The energy transition means a digital revolution, not evolution | SLB

The energy transition means a digital revolution, not evolution

by  David Seabrook
Data-driven solutions will play a leading role in guaranteeing the energy transition happens at the pace the world needs. To thrive in the energy transition, it’s imperative that organizations make their best move to deliver on decarbonization strategies, while also ensuring long-term value.
7 min read

Oil- and gas-derived power currently make up more than half of the world’s primary energy consumption, while 95% of transport energy comes from petroleum-based liquids. As a result, oil and gas-related activities—from pore to pump to power stations, and internal combustion engines—account for 42% of global carbon emissions.

As the world aims for net-zero emissions by 2050, renewable resources alone will not be able to support global energy demand. And as we seek a more sustainable model for power provision and fuel production, global demand will necessitate that oil and gas form part of the energy mix for decades to come, albeit in decreasing measure.

In the run-up to 2050, and with the goal of keeping to the maximum 1.5 degC global temperature rise prescribed by the 2015 Paris Agreement, it is essential that oil and gas is delivered to businesses and consumers with the lowest possible carbon output. Digital tech will play a central role in that journey.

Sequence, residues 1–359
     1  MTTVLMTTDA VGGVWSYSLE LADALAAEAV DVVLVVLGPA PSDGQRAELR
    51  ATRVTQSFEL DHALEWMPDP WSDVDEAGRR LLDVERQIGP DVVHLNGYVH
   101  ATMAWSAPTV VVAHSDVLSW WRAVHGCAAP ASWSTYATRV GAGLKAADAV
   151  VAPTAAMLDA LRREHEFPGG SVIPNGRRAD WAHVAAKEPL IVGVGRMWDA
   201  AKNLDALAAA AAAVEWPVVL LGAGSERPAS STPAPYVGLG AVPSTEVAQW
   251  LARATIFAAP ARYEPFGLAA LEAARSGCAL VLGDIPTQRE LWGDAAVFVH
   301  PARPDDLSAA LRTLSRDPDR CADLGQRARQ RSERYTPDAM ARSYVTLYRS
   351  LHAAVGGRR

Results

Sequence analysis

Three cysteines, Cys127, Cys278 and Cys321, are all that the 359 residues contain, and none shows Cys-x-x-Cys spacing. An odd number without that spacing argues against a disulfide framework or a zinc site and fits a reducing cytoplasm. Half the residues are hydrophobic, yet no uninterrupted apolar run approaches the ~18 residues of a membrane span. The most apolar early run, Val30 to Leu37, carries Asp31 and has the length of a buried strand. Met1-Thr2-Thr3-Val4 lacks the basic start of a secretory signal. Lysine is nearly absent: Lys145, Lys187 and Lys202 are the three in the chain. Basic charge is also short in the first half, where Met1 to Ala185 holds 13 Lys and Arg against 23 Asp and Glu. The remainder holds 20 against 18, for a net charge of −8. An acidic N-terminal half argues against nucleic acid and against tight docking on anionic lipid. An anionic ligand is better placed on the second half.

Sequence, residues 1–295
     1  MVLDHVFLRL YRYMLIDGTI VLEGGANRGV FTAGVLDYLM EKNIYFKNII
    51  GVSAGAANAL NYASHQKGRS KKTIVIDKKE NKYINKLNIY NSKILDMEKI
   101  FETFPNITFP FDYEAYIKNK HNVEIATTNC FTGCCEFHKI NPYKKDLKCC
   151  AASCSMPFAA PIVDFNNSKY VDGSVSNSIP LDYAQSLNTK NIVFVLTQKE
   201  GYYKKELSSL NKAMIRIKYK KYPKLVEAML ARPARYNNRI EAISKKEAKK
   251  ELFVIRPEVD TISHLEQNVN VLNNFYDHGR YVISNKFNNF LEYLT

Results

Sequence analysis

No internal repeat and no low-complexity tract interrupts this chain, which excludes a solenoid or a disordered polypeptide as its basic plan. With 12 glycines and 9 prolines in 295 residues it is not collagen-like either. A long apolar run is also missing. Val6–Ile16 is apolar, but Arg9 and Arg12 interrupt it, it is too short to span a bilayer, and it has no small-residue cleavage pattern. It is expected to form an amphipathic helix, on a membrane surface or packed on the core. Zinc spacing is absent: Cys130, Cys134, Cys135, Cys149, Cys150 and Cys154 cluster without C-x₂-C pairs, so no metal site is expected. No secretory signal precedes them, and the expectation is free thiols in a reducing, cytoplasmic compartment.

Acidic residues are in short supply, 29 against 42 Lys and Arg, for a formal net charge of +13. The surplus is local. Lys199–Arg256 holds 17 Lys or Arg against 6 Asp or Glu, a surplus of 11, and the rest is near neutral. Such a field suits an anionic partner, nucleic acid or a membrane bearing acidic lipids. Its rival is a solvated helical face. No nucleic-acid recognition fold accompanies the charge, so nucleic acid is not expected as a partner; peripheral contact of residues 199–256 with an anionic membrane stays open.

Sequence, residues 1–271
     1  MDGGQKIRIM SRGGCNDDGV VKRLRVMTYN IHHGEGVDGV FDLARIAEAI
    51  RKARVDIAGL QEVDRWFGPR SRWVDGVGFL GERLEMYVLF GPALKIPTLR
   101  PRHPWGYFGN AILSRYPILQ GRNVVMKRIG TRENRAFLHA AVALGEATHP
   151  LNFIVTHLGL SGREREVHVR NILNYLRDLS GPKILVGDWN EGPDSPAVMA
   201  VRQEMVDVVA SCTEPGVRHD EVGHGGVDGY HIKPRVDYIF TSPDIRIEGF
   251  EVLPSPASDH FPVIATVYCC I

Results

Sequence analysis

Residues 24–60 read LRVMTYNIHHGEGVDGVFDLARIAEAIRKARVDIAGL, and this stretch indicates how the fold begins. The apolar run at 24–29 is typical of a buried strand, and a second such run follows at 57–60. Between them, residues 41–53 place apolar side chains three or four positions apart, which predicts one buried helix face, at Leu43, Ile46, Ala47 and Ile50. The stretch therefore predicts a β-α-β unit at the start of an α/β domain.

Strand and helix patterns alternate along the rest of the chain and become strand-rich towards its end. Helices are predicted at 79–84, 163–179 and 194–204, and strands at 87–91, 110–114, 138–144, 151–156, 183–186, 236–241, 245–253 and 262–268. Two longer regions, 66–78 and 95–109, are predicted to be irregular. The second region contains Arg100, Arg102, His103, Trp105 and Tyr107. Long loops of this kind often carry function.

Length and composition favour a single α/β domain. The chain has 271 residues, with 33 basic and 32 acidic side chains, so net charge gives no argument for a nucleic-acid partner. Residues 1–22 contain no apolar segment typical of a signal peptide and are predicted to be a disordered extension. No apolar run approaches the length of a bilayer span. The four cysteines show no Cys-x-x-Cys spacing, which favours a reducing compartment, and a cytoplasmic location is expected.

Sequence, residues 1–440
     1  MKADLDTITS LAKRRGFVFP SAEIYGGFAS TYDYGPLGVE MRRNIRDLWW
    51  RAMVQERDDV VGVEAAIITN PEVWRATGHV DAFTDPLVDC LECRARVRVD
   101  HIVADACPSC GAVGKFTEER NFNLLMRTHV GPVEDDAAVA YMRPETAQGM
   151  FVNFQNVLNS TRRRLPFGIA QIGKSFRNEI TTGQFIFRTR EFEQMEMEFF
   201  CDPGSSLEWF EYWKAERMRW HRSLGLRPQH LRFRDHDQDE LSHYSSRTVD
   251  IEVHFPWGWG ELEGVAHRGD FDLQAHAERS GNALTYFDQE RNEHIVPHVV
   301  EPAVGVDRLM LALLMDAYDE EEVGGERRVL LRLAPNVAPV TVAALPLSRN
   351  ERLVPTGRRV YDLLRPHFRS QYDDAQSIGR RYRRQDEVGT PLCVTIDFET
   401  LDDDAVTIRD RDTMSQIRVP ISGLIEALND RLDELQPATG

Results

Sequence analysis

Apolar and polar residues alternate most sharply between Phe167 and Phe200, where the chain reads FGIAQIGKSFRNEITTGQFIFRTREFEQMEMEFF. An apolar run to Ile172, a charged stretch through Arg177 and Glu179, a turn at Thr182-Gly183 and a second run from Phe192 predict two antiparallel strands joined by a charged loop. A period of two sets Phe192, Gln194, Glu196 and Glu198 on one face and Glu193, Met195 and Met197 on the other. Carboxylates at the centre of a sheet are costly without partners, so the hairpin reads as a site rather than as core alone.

Reducing emissions: The low-hanging fruit

One of the foremost priorities for the energy sector is to reduce Scope 1 greenhouse gas (GHG) emissions—those produced as a direct consequence of exploration and production activities. Fortunately, there are several ways in which this can be accomplished with relative ease.

The largest single source of those Scope 1 emissions in the oil and gas sector is methane gas, which is 80 times more potent over a 20-year time frame than carbon dioxide (CO2) and the second largest contributor to global warming overall. Curtailing methane is highly actionable, as most of the gas is released from so-called “super emitting” facilities.

With sensitive and frequent monitoring of these installations via a range of innovative, digital solutions—from satellites to lasers to drones—methane can be detected, and leaks mitigated. Given the short atmospheric lifetime of methane, rigorous control measures like these could eliminate the energy industry’s primary GHG output from the atmosphere inside a generation.

Using renewable energy to power the electrification of offshore facilities will completely change the game.

Digital solutions are also helping to characterize and control carbon released in the Scope 1 emissions bracket. Enabling a real-time understanding of equipment performance and usage, companies can measure, plan, and act to efficiently limit and remove waste gases.

Another way the industry can minimize emissions is by removing hydrocarbon use from production activities. Currently, around 5% of daily offshore oil production is used to power platforms, equating to 16 terawatt-hours per year and 200 million metric tons of CO2 per annum. Leveraging wind and solar resources for offshore electrification of facilities—as we see in Equinor’s Hywind Tampen project, and the Innovation and Targeted Oil & Gas process in offshore Scotland—will be a game changer for the wider industry.

Exponential scope (3) for change

While there are relatively straightforward fixes to some sources of emissions, others present an altogether more difficult proposition. Scope 3 emissions, for example, are defined as GHGs that are not produced directly by companies or the assets owned or controlled by them, but that are emitted upstream and downstream throughout an organization's value chain. This encompasses activities from the end use of sold products to employees commuting and can represent 65–95% of a company’s carbon footprint.